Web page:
Samuel Adams was a frequent guest at the home of Joseph Shed. A punch bowl, once the property of Joseph Shed, is still in the pos¬session of a descendant of the family. From this punch bowl the patriot Adams drank when American Independence was first celebrated in Boston.
On August 3rd, 1796, Joseph Shed purchased from Samuel Barrett, his brother-in-law, the. latter's interest (or one-third part) of Tomb No. 69 in the Granary Burying Ground, formerly the property of Jonathan Williams. He died October 18, 1812, being survived by his wife and two of his eight children, Samuel Adams and William Shed.
A part of the purpose of this meeting is, later, to gather at the burial place of Joseph Shed and to do honor to his memory and his patriotism. His was the spirit shared with all true lovers of freedom at that time and that late animated the Colonists to throw off the yoke of dependence, to rise in their might and "fire the shot heard round the world."
(From the Boston Herald) September 30, 1926)
Work in Granary Burial Ground Draws
Crowds Feeling that credit should be given where credit is due. the Shed Family Association is having the inscription on the tombstone of Joseph Shed, revolutionary patriot, in the Granary Burial Ground, Tremont Street, recut and the line "Member Boston Tea Party" added.
Ail day yesterday Joseph Mellard. stonecutter for the George R. Sands & Son Company of Cambridge, chipped with chisel and hammer while large crowds watched him. The grave is next to the fence, on the right of the gate, near the electric light pole.
Because of the exactness of the work it will take until tomorrow to complete. The slab is of slate and the letters Roman, one inch in height. When finished, the inscription will read:
Hubert C. Shedd of 15 King Avenue, Medford, is in charge of the work. Under the tombstone, he said, there are more than ten members of the Shed family buried.
Joseph Shed was a prominent grocer of Boston just before the Revolution. He sympathized heartily with Samuel Adams, and named one of his sons after the great patriot. The two were the closest of friends.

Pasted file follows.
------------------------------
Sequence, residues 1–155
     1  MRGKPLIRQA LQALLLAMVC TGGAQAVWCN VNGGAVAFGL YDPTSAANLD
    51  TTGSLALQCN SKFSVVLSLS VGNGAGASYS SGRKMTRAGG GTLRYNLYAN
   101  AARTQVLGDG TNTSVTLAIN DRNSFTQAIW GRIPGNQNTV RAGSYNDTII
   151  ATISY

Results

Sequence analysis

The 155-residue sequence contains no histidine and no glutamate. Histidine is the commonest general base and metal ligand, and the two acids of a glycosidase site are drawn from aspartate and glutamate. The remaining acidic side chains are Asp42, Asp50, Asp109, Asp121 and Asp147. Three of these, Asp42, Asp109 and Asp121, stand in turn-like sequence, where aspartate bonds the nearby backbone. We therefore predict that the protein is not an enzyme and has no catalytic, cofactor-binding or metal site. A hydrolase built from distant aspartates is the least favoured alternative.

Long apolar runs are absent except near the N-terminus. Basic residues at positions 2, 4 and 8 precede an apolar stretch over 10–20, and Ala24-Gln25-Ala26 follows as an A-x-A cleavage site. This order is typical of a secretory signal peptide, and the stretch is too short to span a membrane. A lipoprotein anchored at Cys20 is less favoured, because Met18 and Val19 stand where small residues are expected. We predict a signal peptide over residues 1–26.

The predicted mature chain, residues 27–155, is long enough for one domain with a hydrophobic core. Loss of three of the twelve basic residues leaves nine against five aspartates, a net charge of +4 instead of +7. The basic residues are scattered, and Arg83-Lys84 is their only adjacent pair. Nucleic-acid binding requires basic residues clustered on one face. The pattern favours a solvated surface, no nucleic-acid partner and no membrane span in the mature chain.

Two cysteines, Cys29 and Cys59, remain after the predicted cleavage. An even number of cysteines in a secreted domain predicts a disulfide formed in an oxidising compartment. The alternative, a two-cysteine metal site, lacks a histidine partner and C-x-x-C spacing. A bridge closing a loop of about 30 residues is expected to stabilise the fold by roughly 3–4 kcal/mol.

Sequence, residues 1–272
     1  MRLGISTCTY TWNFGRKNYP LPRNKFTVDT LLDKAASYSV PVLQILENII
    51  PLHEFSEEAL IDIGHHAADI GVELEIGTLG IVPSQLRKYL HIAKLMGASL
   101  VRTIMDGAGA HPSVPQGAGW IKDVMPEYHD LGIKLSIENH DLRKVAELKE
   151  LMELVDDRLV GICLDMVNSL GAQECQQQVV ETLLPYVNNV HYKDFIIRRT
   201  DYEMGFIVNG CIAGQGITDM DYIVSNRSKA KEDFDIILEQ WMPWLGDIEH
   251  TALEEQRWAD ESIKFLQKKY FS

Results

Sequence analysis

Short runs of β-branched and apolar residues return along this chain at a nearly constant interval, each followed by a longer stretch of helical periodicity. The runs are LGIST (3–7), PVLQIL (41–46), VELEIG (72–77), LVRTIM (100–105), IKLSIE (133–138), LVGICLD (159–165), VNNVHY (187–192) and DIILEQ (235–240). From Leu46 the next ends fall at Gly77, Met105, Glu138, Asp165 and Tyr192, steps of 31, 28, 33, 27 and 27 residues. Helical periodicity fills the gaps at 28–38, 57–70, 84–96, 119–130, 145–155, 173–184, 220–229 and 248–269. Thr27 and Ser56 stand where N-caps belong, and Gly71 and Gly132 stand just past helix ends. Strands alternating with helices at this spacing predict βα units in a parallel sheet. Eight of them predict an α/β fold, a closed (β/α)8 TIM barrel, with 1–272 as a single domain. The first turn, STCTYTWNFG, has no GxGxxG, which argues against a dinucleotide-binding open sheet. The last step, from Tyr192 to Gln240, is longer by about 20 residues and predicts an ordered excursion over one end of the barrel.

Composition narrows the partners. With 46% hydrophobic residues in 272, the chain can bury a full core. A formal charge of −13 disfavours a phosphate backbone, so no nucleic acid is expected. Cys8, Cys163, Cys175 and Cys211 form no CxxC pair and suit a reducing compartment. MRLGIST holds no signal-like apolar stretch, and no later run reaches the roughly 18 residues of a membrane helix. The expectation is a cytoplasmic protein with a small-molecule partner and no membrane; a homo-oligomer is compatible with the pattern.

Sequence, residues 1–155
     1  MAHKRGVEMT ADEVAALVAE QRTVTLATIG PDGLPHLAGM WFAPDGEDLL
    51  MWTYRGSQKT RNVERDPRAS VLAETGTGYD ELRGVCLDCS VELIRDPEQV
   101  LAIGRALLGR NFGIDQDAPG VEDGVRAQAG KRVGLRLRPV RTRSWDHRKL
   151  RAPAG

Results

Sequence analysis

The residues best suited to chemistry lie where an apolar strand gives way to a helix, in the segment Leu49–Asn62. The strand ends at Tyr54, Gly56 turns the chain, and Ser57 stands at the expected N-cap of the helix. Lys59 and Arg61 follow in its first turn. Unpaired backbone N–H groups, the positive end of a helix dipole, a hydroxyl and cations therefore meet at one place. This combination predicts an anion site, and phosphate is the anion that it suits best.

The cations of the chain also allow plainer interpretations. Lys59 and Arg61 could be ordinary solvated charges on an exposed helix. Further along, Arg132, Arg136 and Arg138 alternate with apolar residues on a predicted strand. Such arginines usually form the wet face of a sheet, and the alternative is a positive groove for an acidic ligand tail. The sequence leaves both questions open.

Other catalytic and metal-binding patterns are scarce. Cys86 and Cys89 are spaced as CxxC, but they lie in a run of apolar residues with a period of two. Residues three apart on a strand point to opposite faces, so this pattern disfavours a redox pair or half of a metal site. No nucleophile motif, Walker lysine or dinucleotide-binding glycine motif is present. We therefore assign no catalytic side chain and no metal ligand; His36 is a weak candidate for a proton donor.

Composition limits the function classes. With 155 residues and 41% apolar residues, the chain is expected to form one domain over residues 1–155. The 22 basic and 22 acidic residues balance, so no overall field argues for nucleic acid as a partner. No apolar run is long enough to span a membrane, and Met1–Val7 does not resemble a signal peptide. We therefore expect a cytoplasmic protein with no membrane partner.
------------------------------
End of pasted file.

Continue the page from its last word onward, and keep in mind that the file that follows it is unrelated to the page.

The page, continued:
In the attic of the Shed home on Milk Street, where the First National Bank now stands, a band of men met on the night of December 16, 1773. They dressed themselves as Indians, went to Griffin's Wharf and threw 1I4 chests of English tea, on which stamp taxes were to be paid, into the sea.
Mellard, a stonecutter for thirty-five years, declared that he was fully aware of the honor bestowed upon him by his employers. One slip, of his chisel and the work would be irreparably marred. From a bending position over the slab which rests flat on the ground he directs his chisel. He has worked in England, Italy, Germany and Canada, but declared that the work in this country is far superior. In the old world and Canada the craftsman must hurry his work. In this country, because of the competition, each job must be perfect, thus giving the stonecutter a chance to do his best.
The Shedd Homestead – October 1926
The Shedd Homestead was' built about 1732 by John Shed. It was not the first home of the Shed family, for across the field may be seen an old cellar hole said to be the site of the home of Samuel Shed when, in 1702, he brought his family from Billerica to Groton, now Pepperell.
Samuel Shed's son, John Shed, built the house now standing about the time of his marriage to Elizabeth Shattuck. Three of their four sons were Revolutionary soldiers.
The house is a well constructed ten-room house of the Colonial type, with heavy beams. The inside walls are paneled in wood, and the house is still heated by seven huge fireplaces.
About 1820 Capt. Joshua Shedd set out more than one hundred maple trees near the house and on the roads by the farm.
For one hundred and thirty-five years this house was the home of four generations of Shedds, who were thriving and prosperous farmers, prominent in the affairs of the town. In 1873, Mrs, John Dickson Shedd, then a widow, gave up the old house and it passed into other hands.
The present owners (1926) are interested in the house and have done much to preserve and restore it.
The illustration is from a photograph taken years ago while the barns and outbuildings were still standing.